He realized he could be in America's living rooms constantly through TV, but that he needed to be a star to have the most impact and to boost his popularity. He did this brilliantly, though live news conferences, interviews, speeches and the deft release of glowing photos of himself, his wife and children. He also associated with famous film stars, including Frank Sinatra and Peter Lawford (a brother-in-law), and was romantically linked with Marilyn Monroe.
His celebrity status went a long way toward improving presidential public relations in general. As I pointed out in my book "Celebrity in Chief: A History of the Presidents and the Culture of Stardom," Kennedy mastered TV in the same way President Franklin D. Roosevelt had mastered radio, but Kennedy went further, cultivating his image in a more methodical and comprehensive way. As the nation's celebrity in chief, Kennedy emerged as America's leading man.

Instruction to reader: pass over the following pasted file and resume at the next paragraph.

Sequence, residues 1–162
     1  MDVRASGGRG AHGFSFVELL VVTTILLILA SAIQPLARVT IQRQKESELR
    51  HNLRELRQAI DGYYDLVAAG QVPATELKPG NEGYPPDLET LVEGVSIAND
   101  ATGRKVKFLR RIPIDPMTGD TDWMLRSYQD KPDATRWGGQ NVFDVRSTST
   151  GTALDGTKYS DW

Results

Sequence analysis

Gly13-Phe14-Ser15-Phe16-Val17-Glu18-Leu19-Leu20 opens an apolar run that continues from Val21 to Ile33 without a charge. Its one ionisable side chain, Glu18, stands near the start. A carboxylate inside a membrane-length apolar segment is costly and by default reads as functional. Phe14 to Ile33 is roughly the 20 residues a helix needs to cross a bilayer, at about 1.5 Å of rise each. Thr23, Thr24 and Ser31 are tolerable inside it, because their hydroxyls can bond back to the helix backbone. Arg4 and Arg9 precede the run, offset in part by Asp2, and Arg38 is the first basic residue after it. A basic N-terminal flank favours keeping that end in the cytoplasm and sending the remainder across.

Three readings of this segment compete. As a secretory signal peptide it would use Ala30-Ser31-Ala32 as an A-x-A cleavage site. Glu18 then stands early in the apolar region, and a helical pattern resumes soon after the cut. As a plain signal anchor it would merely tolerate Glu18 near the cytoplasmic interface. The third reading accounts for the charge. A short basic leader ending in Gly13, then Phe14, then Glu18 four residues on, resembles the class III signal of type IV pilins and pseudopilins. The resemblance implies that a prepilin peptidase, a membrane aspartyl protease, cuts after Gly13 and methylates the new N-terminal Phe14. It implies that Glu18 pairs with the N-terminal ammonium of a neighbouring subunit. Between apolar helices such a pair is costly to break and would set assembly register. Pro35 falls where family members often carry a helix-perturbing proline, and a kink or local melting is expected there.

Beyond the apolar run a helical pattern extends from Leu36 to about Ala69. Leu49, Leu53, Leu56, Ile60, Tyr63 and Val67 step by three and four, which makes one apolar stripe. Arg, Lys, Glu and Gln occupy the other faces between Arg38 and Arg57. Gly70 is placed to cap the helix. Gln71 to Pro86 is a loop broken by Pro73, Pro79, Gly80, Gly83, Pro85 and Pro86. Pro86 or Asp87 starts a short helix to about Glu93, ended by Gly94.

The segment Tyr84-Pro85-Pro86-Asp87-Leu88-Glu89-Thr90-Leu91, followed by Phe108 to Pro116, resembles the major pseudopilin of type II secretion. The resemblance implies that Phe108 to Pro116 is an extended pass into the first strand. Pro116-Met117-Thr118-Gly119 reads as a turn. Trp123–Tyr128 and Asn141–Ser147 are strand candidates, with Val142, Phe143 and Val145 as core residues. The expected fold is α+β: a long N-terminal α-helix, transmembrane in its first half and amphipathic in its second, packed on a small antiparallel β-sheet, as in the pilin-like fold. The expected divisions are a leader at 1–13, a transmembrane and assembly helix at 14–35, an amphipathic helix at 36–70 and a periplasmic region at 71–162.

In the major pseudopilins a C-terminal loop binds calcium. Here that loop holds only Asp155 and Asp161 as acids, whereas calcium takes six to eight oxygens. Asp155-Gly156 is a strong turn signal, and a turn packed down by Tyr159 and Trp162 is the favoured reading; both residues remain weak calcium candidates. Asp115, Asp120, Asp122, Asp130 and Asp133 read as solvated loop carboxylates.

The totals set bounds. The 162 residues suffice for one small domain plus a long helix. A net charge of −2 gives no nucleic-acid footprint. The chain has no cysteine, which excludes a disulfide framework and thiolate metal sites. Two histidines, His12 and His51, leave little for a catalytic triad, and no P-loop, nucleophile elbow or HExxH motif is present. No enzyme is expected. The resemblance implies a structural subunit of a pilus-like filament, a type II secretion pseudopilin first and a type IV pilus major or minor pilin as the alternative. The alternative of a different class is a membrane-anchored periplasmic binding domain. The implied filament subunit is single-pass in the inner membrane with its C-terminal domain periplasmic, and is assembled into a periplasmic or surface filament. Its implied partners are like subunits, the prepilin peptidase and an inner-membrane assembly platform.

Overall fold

In spite of his reputation as a womanizer and his use of drugs to keep the pain of his many health issues at bay, the TV cameras focused on his enormous grace under pressure, while at the same time presenting him as a good family man with a gorgeous wife and two beautiful children. He used his celebrity status to keep the nation's attention and to capture America's imagination -- something politicians continue to do to this day.